Statement – MO House of Representatives is taking a draconian approach in order to not spend money to support people’s ability to achieve a decent life and support their family. For example, Missouri House Republicans have not given up their quest to unravel the expansion of Medicaid that voters approved in 2020, passing a bill in February to institute work requirements and give lawmakers the power to decide from year to year whether to cover the new recipients.

But the senate has been able to push back and stop many of these bills (so far).

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Our incredible building

March 31, 2022
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Outside photo of the St Louis Ethical Society

Riverfront Times wrote that our “Incredible Building Inspires Awe” in their 2022 City Guide. The Harris Armstrong designed building opened in 1964. “(T)he statement-making building boasts clean lines combined with Japanese-inspired design elements. With its sharp, copper-covered spire, the Ladue landmark is easily recognized from the street, but it’s the inside of the building that will take your breath away.”

Read Jamie Lees’ Riverfront Times article. Or go to the Riverfront Times 2022 City Guide.

Opening Words from Sun. March 20 by Rebecca Mackelprang

March 20, 2022
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My name is Becca. My pronouns are she/her/hers. I moved to St. Louis a little less than two years ago to attend grad school for social work and decided to stick around. I currently work as a behavioral health intake therapist at a hospital. I heard about the ethical society from a podcast and decided to check it out. Since I left the faith I grew up in, I’ve come to appreciate the importance of a secular community and really respect what the Ethical Society stands for in the greater St. Louis Region.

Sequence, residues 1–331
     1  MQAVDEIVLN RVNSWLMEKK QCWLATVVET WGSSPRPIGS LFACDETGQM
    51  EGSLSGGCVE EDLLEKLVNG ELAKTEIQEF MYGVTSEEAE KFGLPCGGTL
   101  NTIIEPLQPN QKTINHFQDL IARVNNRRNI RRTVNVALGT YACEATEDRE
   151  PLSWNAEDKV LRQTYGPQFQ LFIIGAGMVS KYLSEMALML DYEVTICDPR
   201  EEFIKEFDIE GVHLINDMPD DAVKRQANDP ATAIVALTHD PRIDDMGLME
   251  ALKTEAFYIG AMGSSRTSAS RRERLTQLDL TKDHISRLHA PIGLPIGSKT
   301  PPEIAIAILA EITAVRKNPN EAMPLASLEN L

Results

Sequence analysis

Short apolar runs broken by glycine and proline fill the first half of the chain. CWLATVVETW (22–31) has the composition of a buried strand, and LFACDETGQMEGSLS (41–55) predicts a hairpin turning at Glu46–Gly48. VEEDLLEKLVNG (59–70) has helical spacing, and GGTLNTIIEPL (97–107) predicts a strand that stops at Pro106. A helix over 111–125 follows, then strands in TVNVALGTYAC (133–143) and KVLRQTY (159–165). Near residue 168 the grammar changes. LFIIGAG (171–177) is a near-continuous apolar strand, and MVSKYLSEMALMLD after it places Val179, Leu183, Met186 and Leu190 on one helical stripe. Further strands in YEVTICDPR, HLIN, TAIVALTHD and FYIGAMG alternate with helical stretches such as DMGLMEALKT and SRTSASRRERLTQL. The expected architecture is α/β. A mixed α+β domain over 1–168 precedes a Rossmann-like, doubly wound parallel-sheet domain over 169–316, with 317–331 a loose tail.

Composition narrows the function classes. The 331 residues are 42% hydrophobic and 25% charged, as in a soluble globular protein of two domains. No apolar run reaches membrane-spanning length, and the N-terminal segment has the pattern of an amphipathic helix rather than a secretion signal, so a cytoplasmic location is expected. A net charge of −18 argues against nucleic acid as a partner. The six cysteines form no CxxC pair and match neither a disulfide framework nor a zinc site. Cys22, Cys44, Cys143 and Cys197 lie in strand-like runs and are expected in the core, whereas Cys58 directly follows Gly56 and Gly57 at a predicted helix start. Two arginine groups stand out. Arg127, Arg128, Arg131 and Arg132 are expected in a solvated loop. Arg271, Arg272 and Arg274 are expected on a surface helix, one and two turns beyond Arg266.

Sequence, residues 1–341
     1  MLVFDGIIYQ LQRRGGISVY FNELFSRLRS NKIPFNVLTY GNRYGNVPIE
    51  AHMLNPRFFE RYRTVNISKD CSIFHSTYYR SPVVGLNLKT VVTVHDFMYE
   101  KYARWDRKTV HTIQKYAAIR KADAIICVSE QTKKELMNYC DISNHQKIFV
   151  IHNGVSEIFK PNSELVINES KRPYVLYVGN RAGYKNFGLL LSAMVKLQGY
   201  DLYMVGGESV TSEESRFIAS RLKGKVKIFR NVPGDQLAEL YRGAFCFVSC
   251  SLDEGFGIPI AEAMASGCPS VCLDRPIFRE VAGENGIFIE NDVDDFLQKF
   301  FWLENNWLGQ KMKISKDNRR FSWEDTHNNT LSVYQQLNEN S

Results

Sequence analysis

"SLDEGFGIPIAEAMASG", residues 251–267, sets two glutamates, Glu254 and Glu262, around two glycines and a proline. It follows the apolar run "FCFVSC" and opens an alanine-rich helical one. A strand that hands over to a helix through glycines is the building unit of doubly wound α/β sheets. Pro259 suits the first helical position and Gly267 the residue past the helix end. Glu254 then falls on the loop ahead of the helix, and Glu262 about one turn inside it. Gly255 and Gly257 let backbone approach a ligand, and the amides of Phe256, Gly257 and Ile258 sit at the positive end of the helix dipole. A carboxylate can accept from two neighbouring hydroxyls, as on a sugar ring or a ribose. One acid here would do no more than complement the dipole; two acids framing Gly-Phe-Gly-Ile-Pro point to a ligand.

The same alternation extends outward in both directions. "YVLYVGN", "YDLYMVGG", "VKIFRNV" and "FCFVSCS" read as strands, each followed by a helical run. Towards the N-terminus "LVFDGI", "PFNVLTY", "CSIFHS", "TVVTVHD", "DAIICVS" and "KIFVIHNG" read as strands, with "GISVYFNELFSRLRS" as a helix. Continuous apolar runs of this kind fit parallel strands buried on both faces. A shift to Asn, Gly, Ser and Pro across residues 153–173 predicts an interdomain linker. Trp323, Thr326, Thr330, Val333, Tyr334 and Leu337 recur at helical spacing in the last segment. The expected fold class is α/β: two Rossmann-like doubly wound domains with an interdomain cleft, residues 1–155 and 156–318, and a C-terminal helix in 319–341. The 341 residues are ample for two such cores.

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Climate Action Now! Plant-Forward Eating for the Planet

March 9, 2022
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Learn about the environmental impact of different dietary patterns and what steps you can take today to reduce the carbon footprint of your plate.

Melissa Brown, MPH, RD is a registered dietitian who loves helping clients find opportunities and take steps to add more plants to their plates. Matthew Brown, MPH is an urban farmer who manages an ecologically friendly melange of fruit trees, vines, brambles, flowers, and both annual and perennial vegetables at their home on a half an acre in Saint Louis City. Melissa and Matthew, along with their 10-year-old son, Gabriel, love growing, cooking, and eating a wide variety of plants.

Presenters: Matthew and Melissa Brown (13-Mar-2022)

ACTIONS – Plant forward diet

  • Assess your current consumption of animal products and identify 1-2 areas of opportunity for yourself/your family:
    • One meatless meal/day?
    • One meatless day/week?
    • Meatless weekdays?
    • Reducing dairy consumption?
  • Commit to a change for at least one month
  • Explore other places you can advocate for plant-forward eating – at work, community events, school, etc.
  • Join a CSA
  • Commit to visit a farmers market (or grow your own) — see presentation slides for suggestions
  • Support policies that promote plants – for school meals, USDA food guidelines, etc.

Listen to the presentation

Related Links

CAN! materials

These materials have been prepared by the Society’s CAN! (Climate Action Now!) team. This post and its links do not express or imply an endorsement by the Ethical Society of St. Louis or its leadership.

Art Show – De’Joneiro Jones

March 8, 2022
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“Tempus Fugit (Time Flies)”

De’Joneiro Jones